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Rise Of The Mobile Processors (Part 2)

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12/6/2012 3:18:47 PM

The challenges ahead

In many respects, improving processors for smartphones and tablets is no different to improving processors for desktops and laptops. The biggest challenges are power consumption and heat, but on mobile both issues become more critical. Up to a point, the same tricks that work on desktop processors also work on mobile: new process technologies and a die shrink.

“We’re continually designing new CPUs to squeeze more performance and lower energy out of new process nodes,” says Bryant, noting that ARM is now validating cores down at 20nm and below. Intel is taking Atom from 32nm to 22nm and 14nm, and Nvidia’s Stam adds that die shrinks will also help Tegra. “We have the process technologies that are allowing us to go to smaller dimensions or put a lot more processing power in the same dimensions,” he says.

Description: In many respects, improving processors for smartphones and tablets is no different to improving processors for desktops and laptops

In many respects, improving processors for smartphones and tablets is no different to improving processors for desktops and laptops

However, on its own this won’t be enough. “We can see the same mistake from the PC market being applied in mobile: higher and higher clocks,” says Imagination’s Harold. “But it’s terrible for power consumption, so everyone does DVFS [dynamic voltage and frequency scaling] to bring those clocks back down. It isn’t a solution, it’s a market patch.” The answer, he believes, isn’t in taking desktop processor designs and scaling them down, but taking a highly scalable architecture and “integrating dynamic scalability, intelligent power islanding, fast, context-sensitive save/restore and many other techniques.”

This is the approach Imagination is pushing with PowerVR, and it isn’t alone. ARM talks about the concept of dynamic range; of how you create a SoC that doesn’t waste energy while handling lightweight, background tasks, but also ramps up to handle high performance applications. For ARM the answer lies not in dynamic clock speeds, but in what it calls big. LITTLE processing technology, combining very small, highly tuned processors designed to handle the basics, with larger, more powerful and more versatile processors for the intensive work.

“You want to go further in both directions,” says ARM’s Bryant. “You want to eke out your battery life when you’re doing low intensity workloads, but you want to be able to deliver great user experiences and high performance throughput on bigger processors when you’ve got an intense workload.” In a way, it’s a more sophisticated take on the Variable SMP (4-PLUS-1) architecture Nvidia introduced with Tegra 3, where four CPU cores handle heavy workloads and a lightweight single core handles basic OS tasks.

Nvidia, meanwhile, is finding answers by sharing technologies across its product lines, mixing the performance expertise of its GeForce GPU and Tesla highperformance computing teams, with the power-engineering skills of the mobile and Tegra teams.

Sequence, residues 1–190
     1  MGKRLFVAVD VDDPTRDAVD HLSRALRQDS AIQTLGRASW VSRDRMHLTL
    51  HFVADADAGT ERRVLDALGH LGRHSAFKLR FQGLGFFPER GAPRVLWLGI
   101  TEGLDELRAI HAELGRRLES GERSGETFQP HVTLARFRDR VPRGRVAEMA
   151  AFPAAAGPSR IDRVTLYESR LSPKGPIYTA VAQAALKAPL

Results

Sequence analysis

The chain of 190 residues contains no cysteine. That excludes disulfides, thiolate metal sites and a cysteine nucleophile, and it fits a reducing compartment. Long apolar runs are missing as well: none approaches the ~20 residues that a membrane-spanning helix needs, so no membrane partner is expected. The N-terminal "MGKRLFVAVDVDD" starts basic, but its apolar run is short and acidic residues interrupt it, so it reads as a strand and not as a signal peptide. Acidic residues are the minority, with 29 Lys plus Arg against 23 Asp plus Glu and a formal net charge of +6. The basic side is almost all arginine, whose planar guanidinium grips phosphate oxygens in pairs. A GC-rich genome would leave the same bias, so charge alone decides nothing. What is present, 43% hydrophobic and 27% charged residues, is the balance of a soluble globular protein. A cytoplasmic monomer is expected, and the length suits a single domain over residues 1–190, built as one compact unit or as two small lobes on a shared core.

“If you can take some of that expertise and cross it over into the desktop side, and take some of the desktop expertise of how to build high-performance designs and bring it over into mobile, then you get the best of both worlds,” says Stam. “Absolutely, we’ve been cross-pollinating our engineers, and that’s been going on for a few years now in earnest.”

Stam can’t be specific on what technology is shared between Kepler and future Tegra product lines, but he will say that circuit designs, power management features and DVFS concepts have moved up and down the chain. “For fast paths, you have to use fast transistors, but these tend to be a little leakier,” he says. “But for the paths that aren’t critical, you can use transistors that are more power efficient. Our Kepler architecture and certainly Tegra is engineered with different types of transistors that have different behaviours from a power perspective, and we optimize the layout.”

Nvidia’s hope is that its expertise in desktop graphics will translate to the mobile sphere, but the approaches differ. Imagination, ARM and Qualcomm have all adopted tile based rendering techniques, where the scene is analysed and broken down into blocks before it goes into the rendering pipeline. “This approach minimises memory and, most importantly, power while improving processing throughput,” says Imagination’s Harold.

Description: Chip Nvidia Tegra 3

Chip Nvidia Tegra 3

Stam is critical of the PowerVR technology at the heart of Apple’s A5X and A6 chips. “That graphics horsepower isn’t really being efficiently used at least not from a gaming perspective,” he says. “They use what is called tiling/chunking technology, and that’s good for certain things but not good for certain other things.”

Nvidia uses a more direct pipeline, using on chip caches and a strong geometry rendering architecture to create an efficient pipeline. For Stam, it’s this that will allow future Tegra processors to enable “more advanced lighting effects, higher levels of geometry in characters and games, more complex environments and physics between objects.”

It’s also what Stam claims will allow a massive speed increase between the current generation Tegra 3 and the chip three generations on, codenamed Stark. “Stark is a few years away, but that’s going to be roughly 25 times the performance of Tegra 3,” says Stam. “Twenty five times the power in just a couple of years within a similar power envelope is pretty amazing stuff.”

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